Paleozoic-Mesozoic basins in Cordilleran terranes of western North America contain detrital zircon U-Pb age distributions that vary over 10-100 Ma in a systematic and predictable manner. A minimum of four detrital zircon age distributions, here termed "detrital zircon facies," are present: (1) Paleoproterozoic and Archean facies, chiefly found in Paleozoic and early Mesozoic accretionary complexes, is defined by late Archean-early Proterozoic (ca. 2.7-2.3 Ga) and late Proterozoic ages (ca. 2.0- 1.6 Ga) with variable quantities of Paleozoic and early Mesozoic ages. (2) Mixed Proterozoic and Phanerozoic facies is found in Early-Late Jurassic basins and is defined by grains spanning ca. 2.0 Ga-160 Ma, derived from eastern-southwestern Laurentian transcontinental sources and enriched by western U.S. and eastern Mexican early Mesozoic plate-margin magmatism. (3) Triassic and Jurassic facies, found in Late Jurassic-Early Cretaceous basins, is defined by Late Jurassic ages (peak ca. 155 Ma) with a subordinate proportion of Triassic ages (peak ca. 230 Ma). (4) Jurassic and Early Cretaceous facies is found in late Early-early Late Cretaceous marginal basins and is defined by Jurassic and Early Cretaceous ages (ca. 200-130 and ca. 130-100 Ma). Detrital zircon U-Pb ages from terranes of western North America record stages of basin formation during phases of the supercontinent cycle and reflect second-order variability in the tectonic setting of an active continental plate margin. At this temporal and spatial scale, the integrated evolution of orogenic, erosion, and sedimenttransport systems controls sediment provenance.

Pastore R.,University of North Carolina at Wilmington
Computers and Education | Year: 2012

Can increasing the speed of audio narration in multimedia instruction decrease training time and still maintain learning? The purpose of this study was to examine the effects of time-compressed instruction and redundancy on learning and learners' perceptions of cognitive load. 154 university students were placed into conditions that consisted of time-compression (0%, 25%, or 50%) and redundancy (redundant text and narration or narration only). Participants were presented with multimedia instruction on the human heart and its parts then given factual and problem solving knowledge tests, a cognitive load measure, and a review behavior (back and replay buttons) measure. Results of the study indicated that participants who were presented 0% and 25% compression obtained similar scores on both the factual and problem solving measures. Additionally, they indicated similar levels of cognitive load. Participants who were presented redundant instruction were not able to perform as well as participants presented non-redundant instruction. © 2011 Elsevier Ltd. All rights reserved.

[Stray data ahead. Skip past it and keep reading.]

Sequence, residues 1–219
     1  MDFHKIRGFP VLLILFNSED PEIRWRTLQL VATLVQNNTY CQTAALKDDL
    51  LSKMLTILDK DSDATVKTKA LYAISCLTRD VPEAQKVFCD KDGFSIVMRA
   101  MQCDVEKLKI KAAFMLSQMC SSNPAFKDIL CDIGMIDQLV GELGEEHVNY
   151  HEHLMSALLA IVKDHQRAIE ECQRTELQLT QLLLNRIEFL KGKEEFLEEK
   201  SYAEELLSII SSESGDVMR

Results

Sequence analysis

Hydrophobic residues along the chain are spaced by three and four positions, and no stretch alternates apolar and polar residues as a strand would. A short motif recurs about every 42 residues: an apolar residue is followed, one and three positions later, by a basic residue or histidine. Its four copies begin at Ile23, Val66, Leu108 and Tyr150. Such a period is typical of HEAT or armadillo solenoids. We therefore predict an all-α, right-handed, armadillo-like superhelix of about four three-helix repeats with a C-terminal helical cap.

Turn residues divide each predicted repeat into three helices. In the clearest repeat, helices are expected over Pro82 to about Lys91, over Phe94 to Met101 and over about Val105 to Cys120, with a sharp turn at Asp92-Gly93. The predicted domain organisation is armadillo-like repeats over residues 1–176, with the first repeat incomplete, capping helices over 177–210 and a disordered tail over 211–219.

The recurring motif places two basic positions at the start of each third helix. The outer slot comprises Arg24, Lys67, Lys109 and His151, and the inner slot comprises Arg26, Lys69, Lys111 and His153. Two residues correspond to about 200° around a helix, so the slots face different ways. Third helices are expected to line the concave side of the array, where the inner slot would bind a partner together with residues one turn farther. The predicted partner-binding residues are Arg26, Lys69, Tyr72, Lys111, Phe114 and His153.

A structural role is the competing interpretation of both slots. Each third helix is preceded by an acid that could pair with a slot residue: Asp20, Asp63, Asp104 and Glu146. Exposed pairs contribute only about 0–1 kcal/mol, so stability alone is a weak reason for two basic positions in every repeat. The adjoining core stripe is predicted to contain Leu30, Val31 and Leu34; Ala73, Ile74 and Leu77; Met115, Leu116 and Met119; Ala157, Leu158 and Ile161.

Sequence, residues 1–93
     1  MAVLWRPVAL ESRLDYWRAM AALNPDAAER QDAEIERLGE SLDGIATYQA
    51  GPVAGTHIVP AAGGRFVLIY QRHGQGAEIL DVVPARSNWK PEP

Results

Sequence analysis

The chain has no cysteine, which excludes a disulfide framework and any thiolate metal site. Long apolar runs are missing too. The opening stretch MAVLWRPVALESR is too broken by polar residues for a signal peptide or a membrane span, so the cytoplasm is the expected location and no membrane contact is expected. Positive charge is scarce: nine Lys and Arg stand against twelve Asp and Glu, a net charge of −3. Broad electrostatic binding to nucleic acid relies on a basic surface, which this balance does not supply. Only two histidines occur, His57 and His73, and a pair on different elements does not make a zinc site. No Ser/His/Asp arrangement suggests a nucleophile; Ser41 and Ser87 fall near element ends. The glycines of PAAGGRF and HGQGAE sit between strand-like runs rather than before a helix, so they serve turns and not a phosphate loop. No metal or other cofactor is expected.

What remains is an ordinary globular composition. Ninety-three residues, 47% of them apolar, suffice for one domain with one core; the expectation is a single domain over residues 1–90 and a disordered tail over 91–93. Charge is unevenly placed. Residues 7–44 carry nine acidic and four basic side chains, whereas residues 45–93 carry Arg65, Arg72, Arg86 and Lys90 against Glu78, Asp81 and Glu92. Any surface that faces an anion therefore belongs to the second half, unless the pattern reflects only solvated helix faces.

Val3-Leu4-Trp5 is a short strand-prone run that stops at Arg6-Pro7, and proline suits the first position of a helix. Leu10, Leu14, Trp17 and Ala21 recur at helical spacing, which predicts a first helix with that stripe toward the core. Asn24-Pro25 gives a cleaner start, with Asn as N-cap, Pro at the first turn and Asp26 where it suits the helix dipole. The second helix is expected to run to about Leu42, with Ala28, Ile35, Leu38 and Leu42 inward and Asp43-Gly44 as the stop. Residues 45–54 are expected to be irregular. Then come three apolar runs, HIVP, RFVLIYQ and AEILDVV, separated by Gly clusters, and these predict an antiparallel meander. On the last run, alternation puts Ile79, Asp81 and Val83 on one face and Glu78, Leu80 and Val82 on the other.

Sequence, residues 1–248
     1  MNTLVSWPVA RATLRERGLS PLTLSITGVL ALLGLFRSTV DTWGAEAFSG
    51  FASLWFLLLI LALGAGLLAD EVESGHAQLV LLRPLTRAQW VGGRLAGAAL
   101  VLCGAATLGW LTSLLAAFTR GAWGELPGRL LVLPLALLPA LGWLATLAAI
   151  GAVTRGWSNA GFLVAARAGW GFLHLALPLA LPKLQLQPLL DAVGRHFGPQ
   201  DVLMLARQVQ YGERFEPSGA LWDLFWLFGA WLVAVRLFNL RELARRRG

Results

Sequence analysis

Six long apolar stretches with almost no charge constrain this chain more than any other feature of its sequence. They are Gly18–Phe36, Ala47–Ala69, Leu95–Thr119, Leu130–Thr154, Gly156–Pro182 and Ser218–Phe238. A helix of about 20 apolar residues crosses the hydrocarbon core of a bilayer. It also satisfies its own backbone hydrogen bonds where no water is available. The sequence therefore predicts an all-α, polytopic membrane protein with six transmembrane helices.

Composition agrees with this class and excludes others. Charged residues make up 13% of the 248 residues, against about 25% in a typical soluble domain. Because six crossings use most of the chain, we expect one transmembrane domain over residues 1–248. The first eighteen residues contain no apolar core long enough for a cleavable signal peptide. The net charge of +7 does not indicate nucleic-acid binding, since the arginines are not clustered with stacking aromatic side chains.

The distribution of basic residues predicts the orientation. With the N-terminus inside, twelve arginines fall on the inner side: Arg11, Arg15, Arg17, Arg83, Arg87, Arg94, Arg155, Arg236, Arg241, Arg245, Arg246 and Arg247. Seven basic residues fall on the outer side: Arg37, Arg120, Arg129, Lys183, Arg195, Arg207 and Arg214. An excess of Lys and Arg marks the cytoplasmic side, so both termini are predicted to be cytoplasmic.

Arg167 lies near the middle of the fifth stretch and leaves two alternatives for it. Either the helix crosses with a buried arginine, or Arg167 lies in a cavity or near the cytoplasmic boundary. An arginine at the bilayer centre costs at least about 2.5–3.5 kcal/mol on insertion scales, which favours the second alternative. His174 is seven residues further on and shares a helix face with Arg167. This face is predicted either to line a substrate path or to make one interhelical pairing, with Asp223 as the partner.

Pawlik J.R.,University of North Carolina at Wilmington
BioScience | Year: 2011

Sponges are now the dominant habitat-forming animals on Caribbean reefs, where the combined effects of climate change, pollution, and disease have decimated reef-building corals. Natural products chemists have been isolating novel secondary metabolites from Caribbean sponges for many decades, but relevant studies of the ecological functions of these compounds have been more recent. Bioassay-guided surveys have revealed sponge chemical defenses against predators, competitors, and pathogens, but many common sponge species lack chemical defenses and appear to have followed a different evolutionary trajectory, investing instead in greater reproduction or growth. The emerging conceptual model predicts that changes in the abundances of fish-and sponge-eating fishes on Caribbean reefs will have a cascading impact on the sponge community, with indirect effects on the broader community of corals and seaweeds. Caribbean sponges provide an important alternative to terrestrial plant and insect communities for testing basic ecological theories about chemical defenses and resource allocation. © 2011 by American Institute of Biological Sciences. All rights reserved.